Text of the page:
Health Alliance for Austin Musicians: Local organization helps musicians stay on stage by providing access to health care

Live music contributes $2 billion to the local economy, per the 2015 Austin Music Census. (Courtesy Jake Rabin)
Live music contributes $2 billion to the local economy, per the 2015 Austin Music Census. (Courtesy Jake Rabin)

Live music contributes $2 billion to the local economy, per the 2015 Austin Music Census. (Courtesy Jake Rabin)

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Last year, annual fundraiser HAAM Day raised $611,000. (Courtesy Renee Dominguez)
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HAAM Chief Operating Officer Rachel Blair draws on her past work in health care and nonprofit leadership. (Emma Freer/Community Impact Newspaper)
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When Rachel Blair was dating her husband, musician Shad Blair, he broke his hand while helping a friend cut down a tree.

Shad was a member of HAAM—the Health Alliance for Austin Musicians—and so was able to get surgery from one of the best hand doctors in town.

The local nonprofit provides access to affordable health care for Austin’s low-income working musicians.

“Without HAAM, he would have experienced financial ruin that would have prevented him from being able to stay in music,” said Rachel, who is now HAAM’s chief operating officer.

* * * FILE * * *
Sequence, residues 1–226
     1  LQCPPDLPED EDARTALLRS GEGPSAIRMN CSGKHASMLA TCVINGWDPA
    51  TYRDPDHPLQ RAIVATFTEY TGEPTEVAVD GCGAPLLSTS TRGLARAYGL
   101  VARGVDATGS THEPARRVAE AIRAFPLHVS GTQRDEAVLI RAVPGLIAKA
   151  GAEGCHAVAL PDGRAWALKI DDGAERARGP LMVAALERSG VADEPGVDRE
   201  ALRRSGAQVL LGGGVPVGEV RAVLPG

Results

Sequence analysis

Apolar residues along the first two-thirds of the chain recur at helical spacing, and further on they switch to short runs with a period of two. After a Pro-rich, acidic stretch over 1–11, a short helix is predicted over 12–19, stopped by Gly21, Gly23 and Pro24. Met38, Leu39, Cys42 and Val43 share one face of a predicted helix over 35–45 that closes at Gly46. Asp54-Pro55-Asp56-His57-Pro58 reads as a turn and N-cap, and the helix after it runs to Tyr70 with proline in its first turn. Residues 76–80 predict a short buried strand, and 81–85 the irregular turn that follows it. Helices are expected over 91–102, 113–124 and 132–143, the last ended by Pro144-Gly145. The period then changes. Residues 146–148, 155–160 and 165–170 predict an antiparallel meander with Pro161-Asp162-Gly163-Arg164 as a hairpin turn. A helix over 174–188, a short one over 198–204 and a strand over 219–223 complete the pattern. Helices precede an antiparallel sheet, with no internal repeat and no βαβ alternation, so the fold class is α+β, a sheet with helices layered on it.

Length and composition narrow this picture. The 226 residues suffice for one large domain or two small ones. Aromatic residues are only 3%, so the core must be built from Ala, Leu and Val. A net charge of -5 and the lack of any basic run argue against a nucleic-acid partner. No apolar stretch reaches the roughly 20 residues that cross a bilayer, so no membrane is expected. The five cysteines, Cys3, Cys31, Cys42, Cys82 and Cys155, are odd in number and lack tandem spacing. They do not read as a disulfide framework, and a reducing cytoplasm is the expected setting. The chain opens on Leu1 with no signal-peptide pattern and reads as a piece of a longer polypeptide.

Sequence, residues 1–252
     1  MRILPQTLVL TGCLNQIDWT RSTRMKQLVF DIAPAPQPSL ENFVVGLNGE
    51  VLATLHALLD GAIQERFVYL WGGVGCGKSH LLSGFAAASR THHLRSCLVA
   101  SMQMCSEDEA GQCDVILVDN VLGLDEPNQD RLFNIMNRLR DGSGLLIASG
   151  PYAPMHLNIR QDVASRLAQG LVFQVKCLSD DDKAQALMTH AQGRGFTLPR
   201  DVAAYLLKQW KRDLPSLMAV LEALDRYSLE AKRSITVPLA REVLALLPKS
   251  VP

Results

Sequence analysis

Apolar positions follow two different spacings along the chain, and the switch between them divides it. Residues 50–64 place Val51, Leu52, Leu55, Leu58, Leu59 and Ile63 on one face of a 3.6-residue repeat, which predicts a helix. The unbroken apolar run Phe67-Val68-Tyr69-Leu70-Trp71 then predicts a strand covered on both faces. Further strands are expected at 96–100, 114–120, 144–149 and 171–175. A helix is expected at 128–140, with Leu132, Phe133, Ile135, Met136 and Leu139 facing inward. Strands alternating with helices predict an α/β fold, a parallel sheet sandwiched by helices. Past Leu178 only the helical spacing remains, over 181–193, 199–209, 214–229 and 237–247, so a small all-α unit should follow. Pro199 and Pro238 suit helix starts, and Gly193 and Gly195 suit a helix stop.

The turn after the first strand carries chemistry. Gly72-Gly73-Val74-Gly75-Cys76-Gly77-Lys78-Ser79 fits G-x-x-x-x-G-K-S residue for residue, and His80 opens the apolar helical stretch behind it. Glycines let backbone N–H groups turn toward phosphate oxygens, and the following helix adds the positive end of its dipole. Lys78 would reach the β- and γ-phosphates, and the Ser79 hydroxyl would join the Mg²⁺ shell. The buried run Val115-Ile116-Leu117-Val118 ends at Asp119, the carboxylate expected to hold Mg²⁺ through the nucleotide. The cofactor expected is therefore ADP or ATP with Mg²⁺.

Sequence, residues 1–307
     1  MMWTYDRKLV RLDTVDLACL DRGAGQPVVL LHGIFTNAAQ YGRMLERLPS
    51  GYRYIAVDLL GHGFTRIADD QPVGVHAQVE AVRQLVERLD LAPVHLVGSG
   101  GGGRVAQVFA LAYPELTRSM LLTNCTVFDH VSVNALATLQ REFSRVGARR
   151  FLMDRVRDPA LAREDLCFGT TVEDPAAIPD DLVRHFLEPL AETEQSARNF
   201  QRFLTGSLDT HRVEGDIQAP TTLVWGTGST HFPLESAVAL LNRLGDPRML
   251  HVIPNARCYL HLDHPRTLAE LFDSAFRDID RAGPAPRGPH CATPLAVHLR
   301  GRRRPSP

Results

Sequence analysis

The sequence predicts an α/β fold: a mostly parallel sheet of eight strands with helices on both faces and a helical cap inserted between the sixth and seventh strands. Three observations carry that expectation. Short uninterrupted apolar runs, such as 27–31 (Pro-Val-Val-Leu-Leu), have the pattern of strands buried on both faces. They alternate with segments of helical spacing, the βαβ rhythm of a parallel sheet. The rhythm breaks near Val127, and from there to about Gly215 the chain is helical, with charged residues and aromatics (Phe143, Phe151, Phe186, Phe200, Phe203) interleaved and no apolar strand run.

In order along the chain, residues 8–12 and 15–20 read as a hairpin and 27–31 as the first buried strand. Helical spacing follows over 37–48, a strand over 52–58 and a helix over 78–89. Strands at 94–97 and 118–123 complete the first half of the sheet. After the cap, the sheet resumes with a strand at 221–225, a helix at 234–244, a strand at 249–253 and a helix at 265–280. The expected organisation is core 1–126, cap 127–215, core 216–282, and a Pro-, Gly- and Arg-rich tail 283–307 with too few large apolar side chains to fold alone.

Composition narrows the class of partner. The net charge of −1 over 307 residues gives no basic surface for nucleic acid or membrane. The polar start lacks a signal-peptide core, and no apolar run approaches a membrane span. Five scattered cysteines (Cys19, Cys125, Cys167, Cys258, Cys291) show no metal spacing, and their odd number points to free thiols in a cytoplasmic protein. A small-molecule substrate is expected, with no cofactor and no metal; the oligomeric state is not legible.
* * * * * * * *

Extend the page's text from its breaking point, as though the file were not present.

“It’s been really meaningful to me because I know that there are a lot of musicians out there, just like Shad, who without HAAM’s help would have to leave and go get a different type of job or would, like many other Americans, go bankrupt because of medical debt,” Rachel said of her job.


Since HAAM was founded in 2005, the organization has helped more than 5,350 musicians access over $73 million in health care services.

Members do not pay for coverage but instead—with the help of affiliate service providers and donors who give either dollars or their services as physicians—are able to access dental, vision, wellness and health care navigation services.

For every dollar donated, HAAM is able to leverage it into $7 of health care.

A “massive shift” occurred when the Affordable Care Act was signed into law in 2010, Rachel said. Before it took effect, around 80% of HAAM members were uninsured. In 2019, 86% of members were insured, she added.

Today, the organization serves over 2,600 musicians, music teachers and DJs who live in Austin and the surrounding area and have a household income at or below 400% of the federal poverty level.

For an individual, this amounts to an annual income at or below $51,040, according to the U.S. Department of Health and Human Services.

“Often times, we have musicians come in, and they are really terrified and scared because their body is breaking down in a particular way that would prevent them from being able to play,” Rachel said. “That might be because of asthma and difficulty singing. It might be because of a tooth problem and not being able to hit the right note with a horn.”

In addition to health care access, HAAM provides wellness services—from acupuncture to YMCA memberships—and will launch a specialty network in the next few months.

“We have great support from our community but do want Austinites to know that we could serve more people if we had more resources,” Rachel said. “All of the support that they can lend really goes a long way toward making sure that Austin preserves its cultural identity.”